N-terminal acetylation (Nt-acetylation) is a highly abundant protein modification in eukaryotes and impacts a wide range of cellular processes, including protein quality control and stress tolerance. Despite its prevalence, the mechanisms regulating Nt-acetylation are still nebulous. Here, we present the first global study of Nt-acetylation in yeast cells as they progress to stationary phase in response to nutrient starvation. Surprisingly, we found that yeast cells maintain their global Nt-acetylation levels upon nutrient depletion, despite a marked decrease in acetyl-CoA levels. We further observed two distinct sets of protein N termini that display differential and opposing Nt-acetylation behavior upon nutrient starvation, indicating a dynamic process. The first protein cluster was enriched for annotated N termini showing increased Nt-acetylation in stationary phase compared with exponential growth phase. The second protein cluster was conversely enriched for alternative nonannotated N termini (i.e. N termini indicative of shorter N-terminal proteo-forms) and, like histones, showed reduced acetylation levels in stationary phase when acetyl-CoA levels were low. Notably, the degree of Nt-acetylation of Pcl8, a negative regulator of glycogen biosynthesis and two components of the pre-ribosome complex (Rsa3 and Rpl7a) increased during starvation. Moreover, the steady-state levels of these proteins were regulated both by starvation and NatA activity. In summary, this study represents the first comprehensive analysis of metabolic regulation of Nt-acetylation and reveals that specific, rather than global, Nt-acetylation events are subject to metabolic regulation.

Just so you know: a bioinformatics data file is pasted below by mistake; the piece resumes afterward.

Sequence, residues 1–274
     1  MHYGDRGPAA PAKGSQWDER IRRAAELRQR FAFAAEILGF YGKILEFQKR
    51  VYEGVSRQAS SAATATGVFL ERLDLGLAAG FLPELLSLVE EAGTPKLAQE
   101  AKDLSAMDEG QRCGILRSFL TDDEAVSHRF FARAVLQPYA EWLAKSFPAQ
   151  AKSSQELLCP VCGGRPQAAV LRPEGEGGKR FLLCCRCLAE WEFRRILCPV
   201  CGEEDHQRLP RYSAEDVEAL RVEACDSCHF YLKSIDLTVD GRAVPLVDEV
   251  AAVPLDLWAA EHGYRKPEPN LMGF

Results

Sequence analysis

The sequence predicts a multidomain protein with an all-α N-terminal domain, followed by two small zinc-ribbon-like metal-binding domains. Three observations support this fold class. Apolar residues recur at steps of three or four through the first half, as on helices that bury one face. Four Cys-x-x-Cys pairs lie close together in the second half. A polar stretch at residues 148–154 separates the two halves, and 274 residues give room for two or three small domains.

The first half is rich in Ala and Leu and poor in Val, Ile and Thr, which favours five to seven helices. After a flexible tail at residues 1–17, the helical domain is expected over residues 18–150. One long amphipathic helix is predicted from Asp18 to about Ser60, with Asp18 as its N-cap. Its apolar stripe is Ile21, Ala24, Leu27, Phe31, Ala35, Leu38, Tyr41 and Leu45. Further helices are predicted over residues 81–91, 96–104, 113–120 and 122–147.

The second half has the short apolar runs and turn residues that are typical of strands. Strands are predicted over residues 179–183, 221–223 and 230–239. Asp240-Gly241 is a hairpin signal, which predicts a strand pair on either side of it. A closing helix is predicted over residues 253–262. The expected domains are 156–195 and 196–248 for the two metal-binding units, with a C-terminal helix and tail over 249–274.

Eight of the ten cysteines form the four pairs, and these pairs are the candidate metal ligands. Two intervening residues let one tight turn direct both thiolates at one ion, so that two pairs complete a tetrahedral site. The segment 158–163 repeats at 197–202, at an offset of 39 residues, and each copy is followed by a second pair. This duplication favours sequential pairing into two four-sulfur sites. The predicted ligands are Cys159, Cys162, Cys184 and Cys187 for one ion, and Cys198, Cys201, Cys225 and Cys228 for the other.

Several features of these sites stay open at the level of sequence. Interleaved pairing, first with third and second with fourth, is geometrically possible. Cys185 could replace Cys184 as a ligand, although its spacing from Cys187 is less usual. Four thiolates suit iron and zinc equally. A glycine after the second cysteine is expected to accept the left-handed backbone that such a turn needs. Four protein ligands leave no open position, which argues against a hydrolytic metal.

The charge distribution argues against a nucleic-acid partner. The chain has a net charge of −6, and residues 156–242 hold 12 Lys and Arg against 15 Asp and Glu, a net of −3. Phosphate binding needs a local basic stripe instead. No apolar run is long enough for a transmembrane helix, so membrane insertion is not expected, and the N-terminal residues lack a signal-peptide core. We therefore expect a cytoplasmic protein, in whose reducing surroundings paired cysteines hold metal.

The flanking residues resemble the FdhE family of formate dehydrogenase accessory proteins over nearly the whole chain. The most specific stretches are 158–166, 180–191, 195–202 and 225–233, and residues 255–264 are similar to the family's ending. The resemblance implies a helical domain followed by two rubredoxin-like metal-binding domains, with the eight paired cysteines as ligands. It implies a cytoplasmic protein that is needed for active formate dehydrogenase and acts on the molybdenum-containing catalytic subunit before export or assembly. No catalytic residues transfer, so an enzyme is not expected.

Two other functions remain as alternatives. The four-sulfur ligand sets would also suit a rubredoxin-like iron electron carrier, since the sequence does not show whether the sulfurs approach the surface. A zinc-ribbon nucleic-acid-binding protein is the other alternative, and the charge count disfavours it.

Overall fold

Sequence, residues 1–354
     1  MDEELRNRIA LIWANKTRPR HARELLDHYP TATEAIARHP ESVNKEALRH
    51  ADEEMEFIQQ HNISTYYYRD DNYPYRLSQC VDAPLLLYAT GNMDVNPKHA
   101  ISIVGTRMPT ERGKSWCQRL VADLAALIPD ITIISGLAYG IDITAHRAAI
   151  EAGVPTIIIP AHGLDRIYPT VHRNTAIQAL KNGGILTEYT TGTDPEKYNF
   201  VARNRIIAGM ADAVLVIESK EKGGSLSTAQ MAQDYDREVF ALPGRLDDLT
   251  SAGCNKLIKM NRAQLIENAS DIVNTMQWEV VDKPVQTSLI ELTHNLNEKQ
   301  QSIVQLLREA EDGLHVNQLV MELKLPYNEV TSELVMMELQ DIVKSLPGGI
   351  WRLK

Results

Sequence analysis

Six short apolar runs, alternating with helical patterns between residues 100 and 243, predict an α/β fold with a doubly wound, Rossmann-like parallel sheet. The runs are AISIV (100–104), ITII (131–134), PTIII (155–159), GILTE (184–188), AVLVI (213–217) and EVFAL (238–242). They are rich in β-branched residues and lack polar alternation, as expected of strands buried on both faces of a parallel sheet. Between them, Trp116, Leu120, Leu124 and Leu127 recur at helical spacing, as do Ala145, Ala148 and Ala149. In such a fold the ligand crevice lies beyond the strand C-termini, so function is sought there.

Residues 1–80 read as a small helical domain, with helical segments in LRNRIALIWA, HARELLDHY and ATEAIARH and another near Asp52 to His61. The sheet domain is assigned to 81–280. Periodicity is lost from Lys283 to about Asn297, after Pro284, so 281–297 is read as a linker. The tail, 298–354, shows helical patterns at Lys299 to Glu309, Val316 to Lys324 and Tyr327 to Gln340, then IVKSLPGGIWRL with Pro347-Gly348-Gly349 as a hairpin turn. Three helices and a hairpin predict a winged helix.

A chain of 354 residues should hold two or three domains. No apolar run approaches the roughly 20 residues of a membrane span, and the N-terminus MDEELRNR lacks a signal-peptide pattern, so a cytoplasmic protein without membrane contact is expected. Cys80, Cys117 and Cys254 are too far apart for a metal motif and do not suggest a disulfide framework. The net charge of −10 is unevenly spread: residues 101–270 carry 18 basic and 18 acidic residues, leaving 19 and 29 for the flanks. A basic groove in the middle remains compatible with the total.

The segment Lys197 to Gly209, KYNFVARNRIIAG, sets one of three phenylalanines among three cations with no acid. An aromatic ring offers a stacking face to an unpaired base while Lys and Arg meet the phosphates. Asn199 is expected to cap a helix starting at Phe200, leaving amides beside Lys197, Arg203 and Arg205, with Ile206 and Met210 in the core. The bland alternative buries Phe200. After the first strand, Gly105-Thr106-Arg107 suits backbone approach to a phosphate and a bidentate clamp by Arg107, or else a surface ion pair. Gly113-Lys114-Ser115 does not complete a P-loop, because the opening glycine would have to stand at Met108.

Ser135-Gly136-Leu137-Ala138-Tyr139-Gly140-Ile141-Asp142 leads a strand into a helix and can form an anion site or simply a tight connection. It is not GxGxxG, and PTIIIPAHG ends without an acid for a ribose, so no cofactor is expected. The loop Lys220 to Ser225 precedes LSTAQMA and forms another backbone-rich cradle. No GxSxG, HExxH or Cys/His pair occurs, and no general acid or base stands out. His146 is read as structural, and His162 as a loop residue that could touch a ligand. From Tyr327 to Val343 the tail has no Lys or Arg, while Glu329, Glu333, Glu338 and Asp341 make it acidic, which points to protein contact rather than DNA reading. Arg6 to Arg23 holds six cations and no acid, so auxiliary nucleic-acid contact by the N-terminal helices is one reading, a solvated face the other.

Varland, S., Aksnes, H., Kryuchkov, F., Impens, F., Van Haver, D., Jonckheere, V., … Arnesen, T. (2018). N-terminal acetylation levels are maintained during acetyl-CoA deficiency in saccharomyces cerevisiae. Molecular and Cellular Proteomics, 17(12), 2309–2323. https://doi.org/10.1074/mcp.RA118.000982